Engineers: Building a better world
At UCLA engineering graduation, Raytheon CEO calls for healing and a higher purpose
Great engineers have a singular talent: the ability to work through nearly any challenge.
It is a skill, Raytheon CEO Thomas A Kennedy told graduating engineers at the University of California-Los Angeles, that will see them through challenging times and give them the power to address the great challenges of our day, from climate change to disease.
"That is your gift, your engineering trait, your core competency," Kennedy said in his June 11 commencement address to the Henry Samueli School of Engineering and Applied Science. "These are noble jobs and careers which will contribute to making the world a better and safer place."
The commencement came just days after a former student killed himself and a professor on campus. Kennedy said his prayers were with the professor and all those affected by the tragedy.
"This is a sad time for UCLA Engineering. Yet there can be comfort and healing gained from routine and rituals," Kennedy said. "That is why I am so very pleased to be with you today. To grieve with you, yes, but to celebrate with you as well."
Kennedy earned a doctorate in engineering at UCLA in 1984, shortly after joining Raytheon. He became chairman and CEO of the aerospace and defense company in 2014. Based in Waltham, Massachusetts, Raytheon has 61,000 employees and had $23 billion in sales in 2015. About 500 UCLA alumni work at the company.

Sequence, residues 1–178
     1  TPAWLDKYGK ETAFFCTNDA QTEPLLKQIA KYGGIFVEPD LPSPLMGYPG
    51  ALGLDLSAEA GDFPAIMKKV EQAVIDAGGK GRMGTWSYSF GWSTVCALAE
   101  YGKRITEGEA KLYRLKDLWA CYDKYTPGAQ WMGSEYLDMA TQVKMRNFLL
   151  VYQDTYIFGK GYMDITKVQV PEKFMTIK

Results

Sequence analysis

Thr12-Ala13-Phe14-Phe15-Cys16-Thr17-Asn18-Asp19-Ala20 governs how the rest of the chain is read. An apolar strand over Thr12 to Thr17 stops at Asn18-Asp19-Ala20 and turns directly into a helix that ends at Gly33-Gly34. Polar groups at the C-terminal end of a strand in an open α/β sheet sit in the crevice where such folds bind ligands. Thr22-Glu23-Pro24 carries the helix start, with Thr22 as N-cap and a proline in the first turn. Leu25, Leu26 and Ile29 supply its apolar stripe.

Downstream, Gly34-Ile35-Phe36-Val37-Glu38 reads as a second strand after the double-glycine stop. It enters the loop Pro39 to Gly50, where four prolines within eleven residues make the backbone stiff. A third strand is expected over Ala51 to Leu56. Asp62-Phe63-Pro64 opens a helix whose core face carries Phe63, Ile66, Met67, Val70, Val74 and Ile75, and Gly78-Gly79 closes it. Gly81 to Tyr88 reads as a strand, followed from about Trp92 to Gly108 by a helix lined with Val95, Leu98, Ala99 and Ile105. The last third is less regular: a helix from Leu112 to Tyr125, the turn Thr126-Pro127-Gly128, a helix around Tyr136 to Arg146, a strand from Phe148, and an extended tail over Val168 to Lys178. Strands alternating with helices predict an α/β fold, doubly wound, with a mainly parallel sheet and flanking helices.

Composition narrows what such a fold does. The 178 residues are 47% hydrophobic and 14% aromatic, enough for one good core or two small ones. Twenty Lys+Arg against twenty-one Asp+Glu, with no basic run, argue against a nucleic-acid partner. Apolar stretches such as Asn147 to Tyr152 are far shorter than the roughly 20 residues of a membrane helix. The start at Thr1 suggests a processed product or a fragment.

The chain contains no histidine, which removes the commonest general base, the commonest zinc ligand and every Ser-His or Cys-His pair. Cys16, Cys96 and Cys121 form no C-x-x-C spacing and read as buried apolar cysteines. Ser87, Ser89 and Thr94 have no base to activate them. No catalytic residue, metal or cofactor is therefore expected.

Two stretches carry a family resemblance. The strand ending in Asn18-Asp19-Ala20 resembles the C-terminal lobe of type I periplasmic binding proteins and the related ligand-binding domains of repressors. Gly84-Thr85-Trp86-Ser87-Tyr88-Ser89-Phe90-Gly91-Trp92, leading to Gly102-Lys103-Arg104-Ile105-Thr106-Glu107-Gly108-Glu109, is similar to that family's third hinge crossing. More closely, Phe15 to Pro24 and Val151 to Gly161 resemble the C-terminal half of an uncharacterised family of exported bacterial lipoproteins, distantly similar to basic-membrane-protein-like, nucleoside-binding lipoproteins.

Kennedy recalled how in 1984, a time before Internet access, UCLA students spent hours in libraries doing research. Papers were printed on screeching dot matrix printers.
He urged students to always embrace new technologies and never lose their desire to create new things. Kennedy himself holds several patents for radar and electronic warfare technologies, and in 2003 he received the Aviation Week Laureate Award for his work on advanced radars.
"How can you never become obsolete? Be curious about new things, adapt and always be learning," he said.
Humanity is heading into countless new frontiers, he said: Mars and a new era of spaceflight, undersea exploration, new cyber technologies and hypersonic aircraft.
These projects require a diversity of ideas, which means increasing the diversity of the workforce and special focus on collaboration, he said.
"Diversity and innovation go hand in hand," he said.
Above all, Kennedy said, graduates should apply themselves to work that truly benefits humanity.
"I ask that you use your problem-solving skills -- your solutions-creation skills -- to make the world a better and safer place," Kennedy said. "Best of luck for a most rewarding future."
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